What’s not to like? Office is full featured on iPad and mostly on iPhone and it’s free. That’s because Microsoft has a couple of crazy features in their product pricing structures. For example, manufacturers who sell notebooks for less than $200 get to include Windows for free. Office is free for iPhone and iPad, too.
iPad Pro customers who want Office for iPad will have to pay a price.
Pay And Pay More
There is little question that iPad Pro is aimed at the professional; whether it’s graphic artists and designers or the enterprise, iPad Pro is a premium device that starts with a premium price tag.
The entry-level iPad Pro starts at $799 for $32GB, but there’s no 64GB model, so the next jump is $150 for 128GB at $949 and another $130 for the cellular model. The Smart Keyboard is another add on feature. Scroll way, way, way down on the product page to see the price. $169. Do the same for Apple Pencil and add another $99 to the list.
A tricked out iPad Pro could set you back $1,347, which happens to be about $50 more than an entry-level MacBook, which has quite a bit more power and capability and weighs about the same.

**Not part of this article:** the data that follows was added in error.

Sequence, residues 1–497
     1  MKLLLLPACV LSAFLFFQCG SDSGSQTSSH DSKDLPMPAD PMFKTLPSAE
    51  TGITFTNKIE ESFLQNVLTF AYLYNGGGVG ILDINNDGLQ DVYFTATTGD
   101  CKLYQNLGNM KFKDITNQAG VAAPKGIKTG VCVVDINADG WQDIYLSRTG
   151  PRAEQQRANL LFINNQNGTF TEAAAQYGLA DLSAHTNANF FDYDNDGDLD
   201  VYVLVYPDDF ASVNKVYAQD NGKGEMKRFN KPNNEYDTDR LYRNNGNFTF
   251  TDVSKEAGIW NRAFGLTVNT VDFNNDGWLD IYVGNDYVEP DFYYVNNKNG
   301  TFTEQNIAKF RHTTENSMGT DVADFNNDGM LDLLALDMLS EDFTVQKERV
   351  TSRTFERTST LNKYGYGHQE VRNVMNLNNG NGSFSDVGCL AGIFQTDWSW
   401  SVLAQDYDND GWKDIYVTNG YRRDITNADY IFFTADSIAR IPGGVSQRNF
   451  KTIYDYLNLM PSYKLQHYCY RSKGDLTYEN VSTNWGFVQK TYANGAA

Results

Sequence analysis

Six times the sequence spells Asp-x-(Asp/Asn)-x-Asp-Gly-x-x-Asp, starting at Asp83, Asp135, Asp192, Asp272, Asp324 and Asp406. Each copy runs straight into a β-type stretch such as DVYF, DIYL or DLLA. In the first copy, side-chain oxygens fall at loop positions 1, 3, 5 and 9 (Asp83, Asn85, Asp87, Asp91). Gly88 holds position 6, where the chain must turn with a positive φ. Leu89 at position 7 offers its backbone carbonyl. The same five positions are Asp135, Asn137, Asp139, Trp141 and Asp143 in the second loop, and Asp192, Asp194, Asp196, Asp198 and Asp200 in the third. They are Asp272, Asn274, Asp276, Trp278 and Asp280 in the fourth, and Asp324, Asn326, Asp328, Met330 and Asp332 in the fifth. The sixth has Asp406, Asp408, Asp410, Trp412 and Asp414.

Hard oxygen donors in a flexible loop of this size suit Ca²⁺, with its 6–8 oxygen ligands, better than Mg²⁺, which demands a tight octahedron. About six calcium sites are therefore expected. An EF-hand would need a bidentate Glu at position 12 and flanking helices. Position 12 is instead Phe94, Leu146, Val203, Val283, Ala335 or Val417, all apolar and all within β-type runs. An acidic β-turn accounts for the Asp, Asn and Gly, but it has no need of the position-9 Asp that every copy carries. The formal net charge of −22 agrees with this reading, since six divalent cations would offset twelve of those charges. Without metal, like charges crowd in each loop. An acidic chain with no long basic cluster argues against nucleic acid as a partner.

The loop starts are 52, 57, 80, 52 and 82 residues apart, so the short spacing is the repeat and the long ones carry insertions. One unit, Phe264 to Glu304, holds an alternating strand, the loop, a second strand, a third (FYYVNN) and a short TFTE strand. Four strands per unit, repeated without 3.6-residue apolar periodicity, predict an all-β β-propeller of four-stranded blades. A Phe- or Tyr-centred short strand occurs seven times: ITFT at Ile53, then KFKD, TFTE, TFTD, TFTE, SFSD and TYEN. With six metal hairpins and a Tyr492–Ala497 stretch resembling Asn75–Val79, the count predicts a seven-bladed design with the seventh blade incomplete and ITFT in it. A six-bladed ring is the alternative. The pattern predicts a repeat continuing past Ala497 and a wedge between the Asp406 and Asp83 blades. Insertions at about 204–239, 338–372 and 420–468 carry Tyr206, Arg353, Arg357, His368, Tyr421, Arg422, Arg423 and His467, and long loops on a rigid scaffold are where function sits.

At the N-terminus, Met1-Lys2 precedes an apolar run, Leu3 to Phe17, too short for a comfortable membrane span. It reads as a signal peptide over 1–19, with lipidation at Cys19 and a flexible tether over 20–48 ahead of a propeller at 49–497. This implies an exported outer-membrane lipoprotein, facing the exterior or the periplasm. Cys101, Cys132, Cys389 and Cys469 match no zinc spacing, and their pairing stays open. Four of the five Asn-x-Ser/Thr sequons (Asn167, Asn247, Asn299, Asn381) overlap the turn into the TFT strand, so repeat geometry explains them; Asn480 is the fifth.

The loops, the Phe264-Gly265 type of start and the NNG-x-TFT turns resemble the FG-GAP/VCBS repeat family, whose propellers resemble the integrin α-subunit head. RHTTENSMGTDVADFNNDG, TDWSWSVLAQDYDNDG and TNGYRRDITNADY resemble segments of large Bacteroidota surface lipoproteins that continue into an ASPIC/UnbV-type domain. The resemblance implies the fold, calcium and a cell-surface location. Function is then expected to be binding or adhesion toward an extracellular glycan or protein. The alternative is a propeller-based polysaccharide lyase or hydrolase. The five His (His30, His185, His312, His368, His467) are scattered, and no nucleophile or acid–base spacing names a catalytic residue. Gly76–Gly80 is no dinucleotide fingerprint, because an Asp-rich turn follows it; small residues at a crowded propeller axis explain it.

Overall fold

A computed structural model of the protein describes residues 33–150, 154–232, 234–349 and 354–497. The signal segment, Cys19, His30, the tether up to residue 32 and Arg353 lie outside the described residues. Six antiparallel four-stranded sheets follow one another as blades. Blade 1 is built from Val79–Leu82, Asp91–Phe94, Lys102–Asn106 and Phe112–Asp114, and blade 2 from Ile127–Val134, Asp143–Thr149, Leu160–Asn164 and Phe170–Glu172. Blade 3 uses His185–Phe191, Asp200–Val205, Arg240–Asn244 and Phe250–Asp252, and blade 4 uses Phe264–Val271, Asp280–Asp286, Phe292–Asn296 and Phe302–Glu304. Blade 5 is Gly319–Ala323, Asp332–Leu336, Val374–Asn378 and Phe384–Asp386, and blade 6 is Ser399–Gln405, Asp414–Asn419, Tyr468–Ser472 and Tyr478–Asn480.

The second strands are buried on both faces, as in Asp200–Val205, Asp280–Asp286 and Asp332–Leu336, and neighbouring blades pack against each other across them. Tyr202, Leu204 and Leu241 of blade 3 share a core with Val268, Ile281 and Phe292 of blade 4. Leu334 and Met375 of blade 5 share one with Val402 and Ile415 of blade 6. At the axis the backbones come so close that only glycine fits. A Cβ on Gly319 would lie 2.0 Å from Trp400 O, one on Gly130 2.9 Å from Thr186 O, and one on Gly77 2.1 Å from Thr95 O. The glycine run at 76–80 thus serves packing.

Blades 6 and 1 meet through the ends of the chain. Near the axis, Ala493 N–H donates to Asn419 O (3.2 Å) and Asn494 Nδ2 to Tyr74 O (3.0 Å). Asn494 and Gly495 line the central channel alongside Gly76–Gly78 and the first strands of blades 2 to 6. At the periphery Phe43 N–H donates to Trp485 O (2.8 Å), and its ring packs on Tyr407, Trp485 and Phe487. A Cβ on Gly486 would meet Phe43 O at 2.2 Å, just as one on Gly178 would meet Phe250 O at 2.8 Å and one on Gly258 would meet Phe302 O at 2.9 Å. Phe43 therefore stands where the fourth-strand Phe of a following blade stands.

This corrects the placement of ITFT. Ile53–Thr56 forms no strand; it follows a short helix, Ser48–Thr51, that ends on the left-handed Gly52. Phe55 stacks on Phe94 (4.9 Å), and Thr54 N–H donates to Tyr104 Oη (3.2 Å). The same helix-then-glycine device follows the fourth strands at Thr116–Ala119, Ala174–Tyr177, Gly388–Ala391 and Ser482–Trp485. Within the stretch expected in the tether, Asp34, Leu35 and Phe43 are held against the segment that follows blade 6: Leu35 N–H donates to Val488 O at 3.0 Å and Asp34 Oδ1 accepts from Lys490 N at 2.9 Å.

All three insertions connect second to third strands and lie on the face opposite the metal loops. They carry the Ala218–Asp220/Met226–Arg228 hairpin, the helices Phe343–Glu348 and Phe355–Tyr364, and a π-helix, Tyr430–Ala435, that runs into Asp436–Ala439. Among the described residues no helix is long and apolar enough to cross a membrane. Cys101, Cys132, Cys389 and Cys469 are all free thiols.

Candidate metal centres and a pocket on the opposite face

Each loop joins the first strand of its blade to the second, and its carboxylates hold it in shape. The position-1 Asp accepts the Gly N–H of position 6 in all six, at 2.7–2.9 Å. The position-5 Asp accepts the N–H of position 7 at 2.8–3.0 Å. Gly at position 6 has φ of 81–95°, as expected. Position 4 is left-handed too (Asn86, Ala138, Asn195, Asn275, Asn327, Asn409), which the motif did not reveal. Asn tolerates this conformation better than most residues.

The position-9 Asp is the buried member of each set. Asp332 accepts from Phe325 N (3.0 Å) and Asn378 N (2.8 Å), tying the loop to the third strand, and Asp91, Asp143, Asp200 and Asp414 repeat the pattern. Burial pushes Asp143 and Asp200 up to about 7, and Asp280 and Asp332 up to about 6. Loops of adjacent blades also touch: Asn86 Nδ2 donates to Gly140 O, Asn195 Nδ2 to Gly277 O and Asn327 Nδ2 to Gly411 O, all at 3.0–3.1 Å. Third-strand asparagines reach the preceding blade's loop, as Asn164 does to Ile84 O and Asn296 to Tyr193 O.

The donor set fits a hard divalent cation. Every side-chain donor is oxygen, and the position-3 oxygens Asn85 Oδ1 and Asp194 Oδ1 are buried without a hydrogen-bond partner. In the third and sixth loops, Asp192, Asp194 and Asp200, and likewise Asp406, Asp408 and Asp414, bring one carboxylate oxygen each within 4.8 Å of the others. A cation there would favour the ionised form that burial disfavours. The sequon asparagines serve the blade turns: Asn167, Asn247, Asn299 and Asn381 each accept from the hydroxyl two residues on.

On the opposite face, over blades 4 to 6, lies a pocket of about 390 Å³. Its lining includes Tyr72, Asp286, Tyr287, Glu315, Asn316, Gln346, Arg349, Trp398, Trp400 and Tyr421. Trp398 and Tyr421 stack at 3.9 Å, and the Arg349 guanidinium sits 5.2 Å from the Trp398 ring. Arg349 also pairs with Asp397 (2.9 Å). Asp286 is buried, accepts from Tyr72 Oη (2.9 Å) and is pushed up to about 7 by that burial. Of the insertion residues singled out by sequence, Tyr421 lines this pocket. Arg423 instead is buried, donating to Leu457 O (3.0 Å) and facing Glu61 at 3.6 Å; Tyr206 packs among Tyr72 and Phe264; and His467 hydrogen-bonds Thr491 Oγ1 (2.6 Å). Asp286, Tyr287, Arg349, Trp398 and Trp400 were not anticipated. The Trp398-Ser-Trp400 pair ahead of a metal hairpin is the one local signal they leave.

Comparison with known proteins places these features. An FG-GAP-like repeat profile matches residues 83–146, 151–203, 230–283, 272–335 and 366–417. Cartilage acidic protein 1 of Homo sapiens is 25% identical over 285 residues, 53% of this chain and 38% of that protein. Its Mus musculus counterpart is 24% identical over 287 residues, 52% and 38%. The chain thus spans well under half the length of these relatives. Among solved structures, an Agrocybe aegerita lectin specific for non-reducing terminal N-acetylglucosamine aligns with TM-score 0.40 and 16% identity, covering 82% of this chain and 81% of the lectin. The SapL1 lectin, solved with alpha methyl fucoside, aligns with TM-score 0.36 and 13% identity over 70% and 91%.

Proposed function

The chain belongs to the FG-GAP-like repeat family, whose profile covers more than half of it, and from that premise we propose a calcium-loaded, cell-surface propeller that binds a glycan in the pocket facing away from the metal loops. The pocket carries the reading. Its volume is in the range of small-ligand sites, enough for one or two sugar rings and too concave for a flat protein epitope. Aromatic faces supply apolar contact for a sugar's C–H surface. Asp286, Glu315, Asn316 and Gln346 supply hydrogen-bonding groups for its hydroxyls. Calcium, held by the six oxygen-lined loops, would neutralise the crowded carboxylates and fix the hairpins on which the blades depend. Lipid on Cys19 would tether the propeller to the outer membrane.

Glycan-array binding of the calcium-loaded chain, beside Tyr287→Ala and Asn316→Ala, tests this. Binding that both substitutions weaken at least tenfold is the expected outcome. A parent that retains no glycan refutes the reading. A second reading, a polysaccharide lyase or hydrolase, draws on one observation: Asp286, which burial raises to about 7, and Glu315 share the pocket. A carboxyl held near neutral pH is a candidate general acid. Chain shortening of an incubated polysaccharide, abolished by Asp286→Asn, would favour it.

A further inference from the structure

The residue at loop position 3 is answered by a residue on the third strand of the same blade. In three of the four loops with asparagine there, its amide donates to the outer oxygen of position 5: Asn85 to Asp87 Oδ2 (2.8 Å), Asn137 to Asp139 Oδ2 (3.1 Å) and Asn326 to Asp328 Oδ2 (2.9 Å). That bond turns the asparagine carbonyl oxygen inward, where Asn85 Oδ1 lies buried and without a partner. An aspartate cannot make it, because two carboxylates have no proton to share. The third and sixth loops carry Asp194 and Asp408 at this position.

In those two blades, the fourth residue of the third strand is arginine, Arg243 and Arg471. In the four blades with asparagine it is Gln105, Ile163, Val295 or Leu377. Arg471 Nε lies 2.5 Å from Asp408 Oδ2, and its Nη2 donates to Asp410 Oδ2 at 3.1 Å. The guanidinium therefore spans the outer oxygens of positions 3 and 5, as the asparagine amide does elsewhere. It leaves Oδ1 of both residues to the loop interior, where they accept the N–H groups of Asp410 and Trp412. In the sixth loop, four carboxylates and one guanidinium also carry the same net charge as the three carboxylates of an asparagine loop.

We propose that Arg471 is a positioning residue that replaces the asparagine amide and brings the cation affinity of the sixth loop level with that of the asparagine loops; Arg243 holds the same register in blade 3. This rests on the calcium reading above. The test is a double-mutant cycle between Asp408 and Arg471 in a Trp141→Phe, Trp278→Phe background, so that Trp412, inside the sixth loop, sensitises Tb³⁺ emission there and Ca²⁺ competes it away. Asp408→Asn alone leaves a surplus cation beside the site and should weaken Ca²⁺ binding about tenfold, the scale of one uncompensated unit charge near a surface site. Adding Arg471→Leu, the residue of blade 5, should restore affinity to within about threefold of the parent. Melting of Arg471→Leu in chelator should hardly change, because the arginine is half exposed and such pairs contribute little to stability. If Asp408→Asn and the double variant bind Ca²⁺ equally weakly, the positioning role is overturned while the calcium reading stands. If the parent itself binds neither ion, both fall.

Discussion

Where does Microsoft Office fit into this mix? iPad Pro is an Office machine. Like iPhone and iPad and Mac, it runs Office, but unlike iPad and iPhone, it comes with a price tag. You can get Office on the Mac either by Office 365 subscription or the standalone version, but you’ll need an Office 365 subscription to run it on iPad Pro. Why? It’s the screen size.
Microsoft says a mobile device has a screen size of 10.1-inches or less and that leaves out both Mac and iPad Pro. iPad Air 2 and iPhone get Office for free. That’s $99.99 a year to run Office on up to dive devices– Mac and iPad Pro. If you just need Office on an iPad Pro, that’s $69.99 a year (monthly plan is available, too).
Tablet sales, including iPads, have been dropping in recent years, and a $1,300 12.9-inch iPad– despite the professional features like multi-tasking and split screen and Pencil– is not likely to sell by the gazillions but maybe Microsoft wants to limit the competition for the Surface line of hybrid notebook tablets by forcing iPad Pro users to pay more for Office.